I’m on the run. Although the phrase “on the run” generally refers to a fleeing of some sort or another, I’m not running away. Furthermore, I do not want “on the run” to mean “on the go.” I do not believe in a life of busyness, but in a life of continual discovery.
I’m not on the run from the law or God, not from anything really—unless perhaps grad school, a part time job in the service industry, or egregious student loan payments count. But I'm not on the run to anywhere in particular either—right now Washington D.C., then Quito, Ecuador, and probably places in between and after and during. Nonetheless, I am simply living on the run—the destinations don’t really matter. It’s more about taking some time to live the life of a wayfarer, a vagabond, a gadabout. I am a twenty-something college grad who is unattached, unemployed, and privileged enough to take advantage of family and friends who live in exciting places. So, I am going to do just that.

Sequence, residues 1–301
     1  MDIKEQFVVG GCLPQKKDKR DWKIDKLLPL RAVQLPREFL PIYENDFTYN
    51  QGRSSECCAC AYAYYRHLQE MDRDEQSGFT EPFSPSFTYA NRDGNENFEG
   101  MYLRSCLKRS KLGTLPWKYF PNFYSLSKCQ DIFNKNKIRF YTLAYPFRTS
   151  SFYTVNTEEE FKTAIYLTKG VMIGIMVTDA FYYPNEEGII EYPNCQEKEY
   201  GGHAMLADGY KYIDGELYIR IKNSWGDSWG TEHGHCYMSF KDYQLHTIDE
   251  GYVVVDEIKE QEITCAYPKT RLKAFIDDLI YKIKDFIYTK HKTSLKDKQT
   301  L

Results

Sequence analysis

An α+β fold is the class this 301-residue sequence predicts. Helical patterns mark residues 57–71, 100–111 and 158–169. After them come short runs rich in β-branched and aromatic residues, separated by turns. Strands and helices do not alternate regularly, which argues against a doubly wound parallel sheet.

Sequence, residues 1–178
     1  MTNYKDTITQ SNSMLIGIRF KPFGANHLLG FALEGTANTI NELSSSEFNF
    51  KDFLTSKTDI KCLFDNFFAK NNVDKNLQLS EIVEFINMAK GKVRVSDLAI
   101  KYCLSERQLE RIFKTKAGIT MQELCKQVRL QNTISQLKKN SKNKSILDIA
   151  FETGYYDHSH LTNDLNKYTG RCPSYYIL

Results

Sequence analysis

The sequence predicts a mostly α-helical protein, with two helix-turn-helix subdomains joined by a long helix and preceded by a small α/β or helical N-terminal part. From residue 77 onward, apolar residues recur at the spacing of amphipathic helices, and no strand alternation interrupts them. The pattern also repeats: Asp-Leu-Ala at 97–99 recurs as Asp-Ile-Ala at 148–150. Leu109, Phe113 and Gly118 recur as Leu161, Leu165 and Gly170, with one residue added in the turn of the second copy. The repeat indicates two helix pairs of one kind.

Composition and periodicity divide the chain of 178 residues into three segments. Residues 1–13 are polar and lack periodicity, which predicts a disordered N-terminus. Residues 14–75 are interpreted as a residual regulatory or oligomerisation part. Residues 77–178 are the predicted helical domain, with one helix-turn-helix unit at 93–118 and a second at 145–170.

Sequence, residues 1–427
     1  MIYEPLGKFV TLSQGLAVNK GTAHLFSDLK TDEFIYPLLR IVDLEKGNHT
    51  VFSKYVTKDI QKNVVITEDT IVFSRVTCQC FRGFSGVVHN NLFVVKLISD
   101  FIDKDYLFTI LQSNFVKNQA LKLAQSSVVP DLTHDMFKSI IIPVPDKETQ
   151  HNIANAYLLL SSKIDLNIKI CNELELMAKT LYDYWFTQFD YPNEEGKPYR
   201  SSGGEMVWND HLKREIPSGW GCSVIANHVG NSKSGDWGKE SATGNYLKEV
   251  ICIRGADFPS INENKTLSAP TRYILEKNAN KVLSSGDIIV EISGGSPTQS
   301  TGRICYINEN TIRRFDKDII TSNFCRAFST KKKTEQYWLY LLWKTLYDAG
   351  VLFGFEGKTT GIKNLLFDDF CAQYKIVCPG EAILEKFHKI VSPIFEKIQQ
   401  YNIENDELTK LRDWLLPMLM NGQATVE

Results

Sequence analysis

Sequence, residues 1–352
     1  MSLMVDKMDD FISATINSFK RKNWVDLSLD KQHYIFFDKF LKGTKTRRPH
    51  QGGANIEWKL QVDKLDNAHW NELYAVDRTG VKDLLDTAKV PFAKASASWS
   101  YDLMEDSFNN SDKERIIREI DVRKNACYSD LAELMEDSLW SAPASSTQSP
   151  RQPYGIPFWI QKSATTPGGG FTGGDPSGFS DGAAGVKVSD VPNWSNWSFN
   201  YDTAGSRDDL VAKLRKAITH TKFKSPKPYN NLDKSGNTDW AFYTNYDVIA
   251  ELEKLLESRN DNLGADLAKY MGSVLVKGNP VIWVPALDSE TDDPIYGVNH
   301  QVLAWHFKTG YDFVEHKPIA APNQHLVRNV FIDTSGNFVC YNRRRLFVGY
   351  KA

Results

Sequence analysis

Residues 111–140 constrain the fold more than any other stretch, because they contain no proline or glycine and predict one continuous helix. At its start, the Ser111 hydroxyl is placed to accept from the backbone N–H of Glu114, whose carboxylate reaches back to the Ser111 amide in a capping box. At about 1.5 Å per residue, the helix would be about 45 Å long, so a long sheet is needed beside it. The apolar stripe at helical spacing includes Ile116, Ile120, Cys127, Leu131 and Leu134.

And, after I find some sort of permanence in the way of employment or continued education—maybe a cat or a compost pile even—I’ll still be a kid on the run. After I am settled and completely at home in a place, I know I will wake up early and Joanna Newsom will sing, “There are some mornings when the sky looks like a road” and I’ll look out the window to realize that I’m still on the run, still living as we all do: in a state of continuous exploration and impermanence.
I’ll write through these wandering blues here, for the benefit and enjoyment—or not—of anyone who chooses to take a gander.